The WSJ profiled Keith Gill aka DeepF***ingValue aka RoaringKitty, the poster on reddit’s WallStreetBets forum that started this all. Is he a degenerate gambler internet nerd dwelling in his parents basement? Turns out he’s a 34-year old suburban dad in Massachusetts (who did start working in his basement after the pandemic hit, to avoid waking up his 2-year old kid). He’s also a thoughtful value investor, who saw a stock being unfairly beaten down in June of 2019, when it was trading at $5. He bought call options and posted regular updates on Reddit and YouTube, the most recent one showing him with $13.8M in cash and $20M remaining. Enough to put his kid on a 🚀 to the moon!
Also, something tells me the WSJ didn’t realize they were being trolled when he gave them this profile picture.
Nick Maggiuli: The story of the Piggly Wiggly short squeeze
This week on the stock market was pretty wild, but pales in comparison to the corner pulled off by the owner of the Piggly Wiggly chain of stores. Faced with short sellers, Saunders borrowed $10M in 1923 and accumulated enough stock in his own company and forced the price to climb from $55 to $250 in a single day. Unfortunately, The Man stepped in again to halt trading and providing the short sellers time to cover their shorts by buying from other shareholders across the country (such as widows and orphans).
This story and many other great ones are covered in the book Business Adventures, which was published in 1969 and is a favorite of both Bill Gates and Warren Buffett. Reading this book is what put me on the path to Business school!
I’ve had a soft spot for GameStop since doing a class project on a strategy for turning around the business. It certainly seems like a Rubicon has been crossed in the wars between ‘professional’ investors and retail investors, and boomers and millennials. The sentiment is captured best by Fred Wilson’s post this week.
The generational aspect of this is important. Boomer hedgies getting crushed by young folks self-organizing in social media. It feels like a moment where you realize that the power structure has shifted and things won’t be the same.
The financial system in the US, and in other developed countries, is a rigged system and has been for a very long time. Only big institutions can get into hot IPOs. Only rich people can invest in startups. Many of these rules are designed to protect “widows and orphans” but all they really do is make the rich richer and keep those without money out of the game.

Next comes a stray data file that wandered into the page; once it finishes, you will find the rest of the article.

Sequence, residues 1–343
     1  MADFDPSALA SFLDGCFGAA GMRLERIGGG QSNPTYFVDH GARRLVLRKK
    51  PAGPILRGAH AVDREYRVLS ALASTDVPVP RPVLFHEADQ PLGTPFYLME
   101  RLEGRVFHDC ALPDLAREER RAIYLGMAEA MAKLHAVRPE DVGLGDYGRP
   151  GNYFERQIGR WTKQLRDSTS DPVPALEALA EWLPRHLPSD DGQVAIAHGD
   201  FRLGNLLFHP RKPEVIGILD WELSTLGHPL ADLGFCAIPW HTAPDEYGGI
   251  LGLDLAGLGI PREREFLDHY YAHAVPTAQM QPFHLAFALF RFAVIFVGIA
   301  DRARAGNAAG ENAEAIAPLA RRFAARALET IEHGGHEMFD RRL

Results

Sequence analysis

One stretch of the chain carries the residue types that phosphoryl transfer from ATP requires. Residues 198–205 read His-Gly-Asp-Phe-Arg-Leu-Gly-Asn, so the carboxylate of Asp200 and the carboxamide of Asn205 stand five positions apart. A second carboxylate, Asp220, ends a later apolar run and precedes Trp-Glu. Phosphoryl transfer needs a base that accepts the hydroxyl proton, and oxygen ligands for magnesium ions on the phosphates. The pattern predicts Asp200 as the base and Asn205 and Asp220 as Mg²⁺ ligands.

I can’t verify the authenticity of this story posted on the Reddit, but it does a good job of capturing the sentiment towards Wall Street, which has been brewing since ‘08.
MarketWatch: The ETF space race heats up with one giant leap from a star manager profiles an ETF called UFO that tracks stocks in the space travel and exploration industry. ARK investments recently filed for a similar ETF, which validated UFO’s thesis and saw enormous $ pouring in.
WSJ: Chilly This Winter? Cozy Up to the Computer That’s Mining Bitcoin - Videogamers and cryptocurrency miners find their souped-up machines make dandy warmers for rooms, greenhouses, chicken coops
The Atlantic: The Pandemic Has Erased Entire Categories of Friendship - We’ve lost the ‘weak ties’ that often hold societies together. Can’t wait to have small talk with someone again - and I HATE small talk.
Dot.LA: Famous Birthdays’ Wish for Cultural Relevance Is Coming True - For those who are over the hill, such as myself, FamousBirthdays.com is Influencer Wikipedia. Handy bookmark when you are back to having small talk!
NBC News: In quest to find birth family, woman makes 'life-altering' discovery: She's a princess The life of Sarah Culberson, a Sierra Leone princess, changed forever when she learned of her royal status. But her story isn’t exactly a fairy tale.
WSJ: 100 years of robots. Super cool photo history feature.
My husband is bored and made a SPAC meme
Disclaimer: The views and opinions expressed in this post are my own and do not represent my employer.